The same relatives often blame environmental influences such as drug abuse or a traumatic event as well, according to a new study by King’s College London Institute of Psychiatry.
Researchers were surprised by these results, as they believe this kind of talk displaces — rather than eliminates — a familial sense of guilt.
Schizophrenia is one of the most stigmatized mental disorders and is often associated with high levels of guilt, self-blame, and shame within families.
Experts have been hopeful that recent genetic and brain-based models of schizophrenia would help get rid of old theories that portrayed the family (particularly the mother) as a strong factor in developing schizophrenia.
For the first time, researchers in this study analyzed how relatives of people with schizophrenia talk about genes to explain the presence of schizophrenia in the family. The researchers wanted to see whether “gene talk” helped alleviate parents’ self-blame, especially that of mothers.
“The study is the first piece of research to explore the complex ways in which ‘gene talk’ is used by family members of someone with a diagnosis of schizophrenia. It challenges the commonly expressed view that genetic accounts of mental illness will absolve family members’ sense of guilt and blame in relation to their relative’s diagnosis,” said Felicity Callard, Ph.D., visiting researcher at the National Institute for Health Research Biomedical Research Centre.
“We should be far less optimistic that genetic accounts of schizophrenia will reduce family members’ guilt. It is also not clear whether family members want to embrace straightforwardly biological models of schizophrenia. All too often, the potential role of difficult family events is assumed to be taboo when discussing the causes of schizophrenia, but we found that family members are ready to have these challenging conversations,” she added.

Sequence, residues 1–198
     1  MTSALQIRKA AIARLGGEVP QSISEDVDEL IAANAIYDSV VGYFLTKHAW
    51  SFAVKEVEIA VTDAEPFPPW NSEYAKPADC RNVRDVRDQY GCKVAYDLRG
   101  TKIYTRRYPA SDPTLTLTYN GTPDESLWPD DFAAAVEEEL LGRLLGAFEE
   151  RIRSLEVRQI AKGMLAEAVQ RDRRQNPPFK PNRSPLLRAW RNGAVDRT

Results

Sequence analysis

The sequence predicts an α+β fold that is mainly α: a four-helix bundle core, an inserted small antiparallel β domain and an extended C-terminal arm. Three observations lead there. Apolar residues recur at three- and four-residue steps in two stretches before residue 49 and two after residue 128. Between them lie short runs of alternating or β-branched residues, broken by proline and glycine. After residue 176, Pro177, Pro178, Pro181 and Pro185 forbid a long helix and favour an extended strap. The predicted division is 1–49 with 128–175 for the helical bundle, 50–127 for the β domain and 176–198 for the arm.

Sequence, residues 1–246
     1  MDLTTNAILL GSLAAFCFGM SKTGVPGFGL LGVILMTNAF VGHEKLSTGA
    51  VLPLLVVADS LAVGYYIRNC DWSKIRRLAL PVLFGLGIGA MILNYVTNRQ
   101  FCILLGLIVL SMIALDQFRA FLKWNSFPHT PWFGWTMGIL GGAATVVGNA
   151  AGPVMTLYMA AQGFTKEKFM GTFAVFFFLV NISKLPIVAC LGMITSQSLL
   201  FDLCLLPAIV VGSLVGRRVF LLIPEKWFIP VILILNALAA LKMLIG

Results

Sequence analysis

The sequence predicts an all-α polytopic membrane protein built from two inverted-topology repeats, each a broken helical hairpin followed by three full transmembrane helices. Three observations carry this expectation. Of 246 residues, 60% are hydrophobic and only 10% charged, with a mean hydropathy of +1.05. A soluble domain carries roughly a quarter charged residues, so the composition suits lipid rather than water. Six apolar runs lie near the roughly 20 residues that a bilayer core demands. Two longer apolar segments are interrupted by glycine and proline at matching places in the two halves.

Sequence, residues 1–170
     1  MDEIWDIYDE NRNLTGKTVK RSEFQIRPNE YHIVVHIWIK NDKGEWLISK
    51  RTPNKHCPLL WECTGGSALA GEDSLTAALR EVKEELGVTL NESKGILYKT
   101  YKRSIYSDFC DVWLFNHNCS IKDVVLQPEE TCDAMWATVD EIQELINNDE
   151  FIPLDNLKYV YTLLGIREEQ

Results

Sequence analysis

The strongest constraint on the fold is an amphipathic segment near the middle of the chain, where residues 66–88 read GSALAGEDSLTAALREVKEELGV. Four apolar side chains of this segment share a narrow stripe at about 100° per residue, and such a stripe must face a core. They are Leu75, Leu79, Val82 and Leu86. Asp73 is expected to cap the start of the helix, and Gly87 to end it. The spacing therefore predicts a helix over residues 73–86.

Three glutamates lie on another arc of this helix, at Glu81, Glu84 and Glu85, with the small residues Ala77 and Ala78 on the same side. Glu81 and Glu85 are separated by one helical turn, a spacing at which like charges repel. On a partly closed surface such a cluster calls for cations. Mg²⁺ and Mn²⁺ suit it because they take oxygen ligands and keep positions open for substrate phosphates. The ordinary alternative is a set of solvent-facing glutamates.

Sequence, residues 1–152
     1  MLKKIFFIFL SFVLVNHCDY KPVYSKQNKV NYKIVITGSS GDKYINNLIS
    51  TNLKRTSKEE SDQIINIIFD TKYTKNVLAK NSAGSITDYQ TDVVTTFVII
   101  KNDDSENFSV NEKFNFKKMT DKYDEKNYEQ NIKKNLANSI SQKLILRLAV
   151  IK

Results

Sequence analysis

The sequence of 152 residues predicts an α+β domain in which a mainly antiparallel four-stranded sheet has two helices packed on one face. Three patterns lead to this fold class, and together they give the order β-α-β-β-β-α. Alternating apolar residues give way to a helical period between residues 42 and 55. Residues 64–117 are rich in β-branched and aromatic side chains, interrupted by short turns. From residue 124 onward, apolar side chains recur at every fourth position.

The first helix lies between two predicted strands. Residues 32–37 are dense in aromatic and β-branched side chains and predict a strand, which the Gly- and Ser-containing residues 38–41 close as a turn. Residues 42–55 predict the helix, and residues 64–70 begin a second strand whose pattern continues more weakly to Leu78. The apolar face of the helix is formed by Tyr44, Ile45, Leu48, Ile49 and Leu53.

The researchers carried out in-depth interviews with 19 family members, who were not related to one another, most of whom were the parent and/or sibling of a person with schizophrenia. Investigators paid close attention to the language used by family members to see if they used genes as a way of explaining the mental health problems in their family.
Family members frequently talked about genes and typically did so to claim that mental illness extended back into earlier generations. They often interpreted periods of heavy drinking and/or difficult or unusual behavior in members of earlier generations as evidence of genetically transmitted mental illness.
Although the authors suggest that family members may talk about genetic accounts of presumed mental illness to help remove the “blame” from their own nuclear family, relatives also seemed to believe that the disorder is caused by genes interacting with other phenomena (including traumatic events in and outside the family, as well as drug-taking).
Therefore, family members continued to experience guilt and blame, because there was a sense that the family may have somehow been able to prevent these events from happening and kept their relative from developing the disease.